Interview: Skeptic Michael Shermer Answers (Part II)

6. Labels

[rickyjames] “Skeptic” is a shorthand label that is synonymous to many
with “atheist”. How do you define the difference between various labels applied to
those who think rationally, and do you think it is desirable for rational adherents
to adopt a new label such as “bright” that has been suggested by some?

[Shermer] A skeptic is a scientist who applies the methods of science to all
questions, who strives to remain open-minded, and who attempts to avoid the confirmation
bias where one seeks confirmation in the data for what one already believes. Skepticism
is not a position one automatically takes (“I’m skeptical”) to claims; rather, it is a
method, an approach to claims (“I’m curious,” “I would like to find an explanation”).
In the last survey we conducted of members of the Skeptics Society over a quarter claimed
belief in some form of higher power (God). Thus, skeptic is not synonymous with atheist.
The label atheist is very specific: one can only be an atheist with regard to the claim
of God’s existence (as opposed to a “theist”). Skepticism is much broader. One can be a
skeptic with regard to any claim, not thus theistic claims. Finally, I have written along
essay on “The Big ‘Bright’ Brouhaha” for Skeptic magazine, posted at, which give the longer answer to the
question about the “bright” label. I very much like the concept of unifying our disparate
groups, and I was, in fact, the first to sign up to be a bright when the concept was first
introduced at the Atheist Alliance International conference in Clearwater, Florida
(my name literally appears first on the sign up sheet, just ahead of James Randi
and Richard Dawkins). However, when it became apparent to me that the vast majority of
people most likely to fall under the “bright” rubric would not use the label, I became,
well, skeptical that it would succeed. For the time being I continue calling myself a skeptic.

7. Thought Control in Democratic Societies

[Drog] Any fan of Noam Chomsky would be highly skeptical that the
U.S. government (and perhaps most other governments in the world) would ever mandate
the teaching of critical thinking in the school systems, because it would be so much
more difficult to control the population if they all thought for themselves rather
than buying into whatever viewpoint the media presents to them. What is your view
on this? Do you think Dr. Chomsky is correct in his assessment of how populations
cannot be disciplined by force and thus must be subjected to more subtle forms of
ideological control via the media? Do you believe that critical thinking should be
taught in schools? Do you believe that it eventually will be?

[Shermer] Critical thinking not only should be taught in schools, it already
is (albeit not as effectively as it might be). In fact, we have invested considerable
time and resources at the Skeptics Society to this very task, developing the Baloney
Detection Kit and the Baloney Detection Books for students and teachers. The idea that
the government (the proverbial “they” in such discussions, as in “they would never allow…”)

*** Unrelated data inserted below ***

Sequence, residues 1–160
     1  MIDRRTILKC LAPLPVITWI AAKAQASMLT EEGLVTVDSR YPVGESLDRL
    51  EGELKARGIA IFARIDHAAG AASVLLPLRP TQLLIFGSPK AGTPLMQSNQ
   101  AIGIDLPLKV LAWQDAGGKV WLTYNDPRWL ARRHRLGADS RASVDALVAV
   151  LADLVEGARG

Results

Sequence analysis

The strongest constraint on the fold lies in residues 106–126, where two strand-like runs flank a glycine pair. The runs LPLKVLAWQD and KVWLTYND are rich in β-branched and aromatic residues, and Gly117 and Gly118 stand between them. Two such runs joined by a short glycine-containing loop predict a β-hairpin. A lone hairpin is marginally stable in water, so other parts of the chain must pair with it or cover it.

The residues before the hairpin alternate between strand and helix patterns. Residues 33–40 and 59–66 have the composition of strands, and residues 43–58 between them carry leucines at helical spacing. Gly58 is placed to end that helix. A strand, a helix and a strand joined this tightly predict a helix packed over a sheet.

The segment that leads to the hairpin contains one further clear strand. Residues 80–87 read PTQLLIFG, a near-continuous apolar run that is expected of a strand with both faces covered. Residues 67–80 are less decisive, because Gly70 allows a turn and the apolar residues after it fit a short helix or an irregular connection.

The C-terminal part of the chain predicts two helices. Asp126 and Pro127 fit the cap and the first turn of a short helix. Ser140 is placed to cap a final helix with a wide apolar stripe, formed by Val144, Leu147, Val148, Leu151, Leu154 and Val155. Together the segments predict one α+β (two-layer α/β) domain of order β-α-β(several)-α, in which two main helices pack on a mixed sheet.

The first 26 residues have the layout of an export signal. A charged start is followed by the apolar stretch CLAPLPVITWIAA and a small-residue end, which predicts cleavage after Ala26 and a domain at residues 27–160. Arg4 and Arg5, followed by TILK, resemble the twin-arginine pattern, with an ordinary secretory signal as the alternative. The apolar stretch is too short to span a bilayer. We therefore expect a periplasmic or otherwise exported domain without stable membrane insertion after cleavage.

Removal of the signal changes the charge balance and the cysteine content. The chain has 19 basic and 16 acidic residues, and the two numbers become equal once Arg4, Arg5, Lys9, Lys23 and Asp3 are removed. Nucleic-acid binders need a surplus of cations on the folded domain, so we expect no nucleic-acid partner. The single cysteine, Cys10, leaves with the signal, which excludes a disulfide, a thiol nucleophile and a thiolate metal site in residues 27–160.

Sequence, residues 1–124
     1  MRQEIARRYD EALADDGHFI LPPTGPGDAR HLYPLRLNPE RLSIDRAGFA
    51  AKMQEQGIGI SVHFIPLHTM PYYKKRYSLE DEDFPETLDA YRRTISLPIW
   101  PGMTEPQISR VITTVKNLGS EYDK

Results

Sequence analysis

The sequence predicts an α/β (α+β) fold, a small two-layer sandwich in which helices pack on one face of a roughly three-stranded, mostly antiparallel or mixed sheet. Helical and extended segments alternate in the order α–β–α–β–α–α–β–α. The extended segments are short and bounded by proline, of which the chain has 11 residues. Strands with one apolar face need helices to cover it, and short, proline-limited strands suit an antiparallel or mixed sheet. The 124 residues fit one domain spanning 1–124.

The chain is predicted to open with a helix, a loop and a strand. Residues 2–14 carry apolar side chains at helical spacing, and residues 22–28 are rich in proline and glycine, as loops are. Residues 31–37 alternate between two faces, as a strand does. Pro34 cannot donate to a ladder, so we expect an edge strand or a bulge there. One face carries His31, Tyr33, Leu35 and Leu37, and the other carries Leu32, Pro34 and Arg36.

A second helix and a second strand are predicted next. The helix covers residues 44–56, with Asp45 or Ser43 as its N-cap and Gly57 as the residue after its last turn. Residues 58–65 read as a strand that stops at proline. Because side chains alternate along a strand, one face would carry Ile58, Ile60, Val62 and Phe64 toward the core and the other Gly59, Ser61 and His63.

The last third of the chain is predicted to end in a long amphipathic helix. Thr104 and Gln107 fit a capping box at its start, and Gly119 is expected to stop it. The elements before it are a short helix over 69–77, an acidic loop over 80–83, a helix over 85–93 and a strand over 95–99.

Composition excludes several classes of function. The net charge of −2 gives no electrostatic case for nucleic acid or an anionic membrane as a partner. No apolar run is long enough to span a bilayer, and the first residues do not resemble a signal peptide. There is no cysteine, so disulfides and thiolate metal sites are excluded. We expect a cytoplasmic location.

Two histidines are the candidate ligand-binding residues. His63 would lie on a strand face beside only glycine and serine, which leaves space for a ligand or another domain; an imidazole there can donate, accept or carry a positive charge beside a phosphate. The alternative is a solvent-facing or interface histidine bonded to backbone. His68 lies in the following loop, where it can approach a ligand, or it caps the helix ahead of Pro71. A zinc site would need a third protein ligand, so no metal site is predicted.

would orchestrate a campaign to prevent the teaching of critical thinking because then
such skills might be turned on the government itself, is utter nonsense and conspiratorial
claptrap. Anyone who thinks that the government has successfully quieted or squelched
political criticism hasn’t read a book or newspaper, listened to the radio, or watched
television in the past couple of decades.

8. Education

[Sweetwind] Way back in high school geometry I remember a fellow student
asking (with some annoyance) what good it was to learn how to do a proof. The teacher
replied that it is so you learn to think logically, and I thought that was a good answer,
and sufficient justification to keep it in the curriculum. But it wasn’t until I went
to college that I learned about things like
confirmation bias
and the
fundamental attribution error,
and knowing about these tricks our minds tend to play on us is also important for
being able to think clearly. Dr. Shermer, what would you like to see added to the
standard secondary (or even primary) school curriculum to help our children learn
to think logically?

[Shermer] The very thing we are already working on: the Baloney Detection Kit
for teachers and the Baloney Detection Books for teachers and students. Skepticism is
critical thinking, and more…. Skepticism also includes science and the scientific method,
the best tools ever devised for finding causality and for understanding how the world works.

9. The “right” amount of skepticism?

[Drog] How do we ensure that we maintain a healthy amount of skepticism
towards radical new ideas while at the same time ensuring that we remain open-minded
enough to not dismiss them without due consideration? I suspect that the answer is to
simply subject all new ideas to the same level of scientific scrutiny. But in reality,
is this always the case? Sometimes an area of research may be “stained” by the claims
of pseudoscientists, frauds and charlatans, thus making it difficult for any actual
scientific study to ever be taken seriously (e.g. parapsychology, Atlantis, UFO’s, etc.).
Other times, a sound new scientific theory may be at odds with an existing theory in
which many scientists have a heavily vested interest.

An example of the latter that comes to mind is
The Great Sphinx Debate,
in which
geologists Schoch and West claimed that the Sphinx shows classic patterns of erosion
by rainfall, thus dating it to within 5000 and 7000 B.C.E.–in stark contrast to the
accepted archaeological dating of 2520-2494 B.C.E. The ensuing debate between geologists
and egyptologists, who claimed that the geologists’ dating would topple the entire
framework that they had painstakingly built up over many years and is not supported
by any other archaeological evidence, became extremely heated, indicating (to me)
that scientists are human too and are not nearly so detached and objective as we
would like to believe.

Another example is the work of geophysicist J. Marvin Herndon (interviewed
on SciScoop last April), who has spent ten years trying to convince the scientific community
to even listen to his theory that a nuclear reactor resides at the Earth’s core, let alone
debate his evidence.